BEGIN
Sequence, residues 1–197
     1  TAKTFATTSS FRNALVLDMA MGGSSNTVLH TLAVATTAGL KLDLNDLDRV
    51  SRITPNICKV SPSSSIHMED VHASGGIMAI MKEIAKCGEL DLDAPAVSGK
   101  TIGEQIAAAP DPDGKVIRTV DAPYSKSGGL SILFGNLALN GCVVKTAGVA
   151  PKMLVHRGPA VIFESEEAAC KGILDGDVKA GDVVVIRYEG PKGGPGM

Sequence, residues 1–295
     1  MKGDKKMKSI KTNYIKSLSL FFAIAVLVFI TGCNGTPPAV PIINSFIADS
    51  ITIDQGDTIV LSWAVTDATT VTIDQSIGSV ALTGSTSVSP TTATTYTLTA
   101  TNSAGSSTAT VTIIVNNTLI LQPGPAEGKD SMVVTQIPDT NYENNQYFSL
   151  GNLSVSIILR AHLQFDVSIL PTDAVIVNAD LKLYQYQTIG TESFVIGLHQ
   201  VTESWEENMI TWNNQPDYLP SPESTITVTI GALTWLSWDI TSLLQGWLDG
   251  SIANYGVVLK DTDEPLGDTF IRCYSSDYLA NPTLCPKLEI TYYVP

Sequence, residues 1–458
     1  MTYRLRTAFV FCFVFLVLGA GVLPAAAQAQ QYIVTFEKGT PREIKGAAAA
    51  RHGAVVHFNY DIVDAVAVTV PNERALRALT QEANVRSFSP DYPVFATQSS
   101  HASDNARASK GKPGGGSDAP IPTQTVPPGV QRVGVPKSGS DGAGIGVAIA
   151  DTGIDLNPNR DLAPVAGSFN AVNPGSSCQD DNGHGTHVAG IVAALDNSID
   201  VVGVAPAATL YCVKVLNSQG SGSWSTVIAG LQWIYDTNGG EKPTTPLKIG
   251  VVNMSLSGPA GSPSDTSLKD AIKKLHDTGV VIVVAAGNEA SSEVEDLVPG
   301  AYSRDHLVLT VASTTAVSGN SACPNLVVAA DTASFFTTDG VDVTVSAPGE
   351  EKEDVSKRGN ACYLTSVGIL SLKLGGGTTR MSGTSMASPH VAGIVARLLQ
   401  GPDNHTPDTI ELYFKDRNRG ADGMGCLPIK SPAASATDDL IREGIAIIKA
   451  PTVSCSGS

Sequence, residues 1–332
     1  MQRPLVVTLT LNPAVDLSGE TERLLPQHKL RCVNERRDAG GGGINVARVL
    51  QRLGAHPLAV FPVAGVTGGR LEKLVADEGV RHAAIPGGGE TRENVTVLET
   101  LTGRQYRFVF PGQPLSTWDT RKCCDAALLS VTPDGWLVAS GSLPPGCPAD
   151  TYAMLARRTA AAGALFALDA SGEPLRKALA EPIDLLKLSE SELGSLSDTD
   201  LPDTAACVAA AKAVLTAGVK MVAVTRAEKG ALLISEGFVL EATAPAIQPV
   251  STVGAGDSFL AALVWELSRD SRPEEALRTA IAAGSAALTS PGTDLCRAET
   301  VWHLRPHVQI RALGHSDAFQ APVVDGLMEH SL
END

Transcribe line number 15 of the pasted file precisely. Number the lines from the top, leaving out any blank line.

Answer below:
    51  RHGAVVHFNY DIVDAVAVTV PNERALRALT QEANVRSFSP DYPVFATQSS